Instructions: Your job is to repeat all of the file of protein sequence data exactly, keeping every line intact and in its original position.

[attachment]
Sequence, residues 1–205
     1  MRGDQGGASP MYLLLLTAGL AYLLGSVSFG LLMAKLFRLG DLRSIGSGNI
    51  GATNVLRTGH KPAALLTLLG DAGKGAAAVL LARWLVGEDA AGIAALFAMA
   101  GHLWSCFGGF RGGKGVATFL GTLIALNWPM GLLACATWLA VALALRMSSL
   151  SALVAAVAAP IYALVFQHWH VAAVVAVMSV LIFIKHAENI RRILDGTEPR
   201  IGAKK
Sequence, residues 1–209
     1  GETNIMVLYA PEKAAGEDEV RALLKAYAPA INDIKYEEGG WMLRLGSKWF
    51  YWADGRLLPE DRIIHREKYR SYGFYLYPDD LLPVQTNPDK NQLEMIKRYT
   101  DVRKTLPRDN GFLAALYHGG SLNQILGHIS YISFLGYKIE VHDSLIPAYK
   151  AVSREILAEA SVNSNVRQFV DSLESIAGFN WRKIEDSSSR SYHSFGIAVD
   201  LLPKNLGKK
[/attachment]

Sequence, residues 1–205
     1  MRGDQGGASP MYLLLLTAGL AYLLGSVSFG LLMAKLFRLG DLRSIGSGNI
    51  GATNVLRTGH KPAALLTLLG DAGKGAAAVL LARWLVGEDA AGIAALFAMA
   101  GHLWSCFGGF RGGKGVATFL GTLIALNWPM GLLACATWLA VALALRMSSL
   151  SALVAAVAAP IYALVFQHWH VAAVVAVMSV LIFIKHAENI RRILDGTEPR
   201  IGAKK
Sequence, residues 1–209
     1  GETNIMVLYA PEKAAGEDEV RALLKAYAPA INDIKYEEGG WMLRLGSKWF
    51  YWADGRLLPE DRIIHREKYR SYGFYLYPDD LLPVQTNPDK NQLEMIKRYT
   101  DVRKTLPRDN GFLAALYHGG SLNQILGHIS YISFLGYKIE VHDSLIPAYK
   151  AVSREILAEA SVNSNVRQFV DSLESIAGFN WRKIEDSSSR SYHSFGIAVD
   201  LLPKNLGKK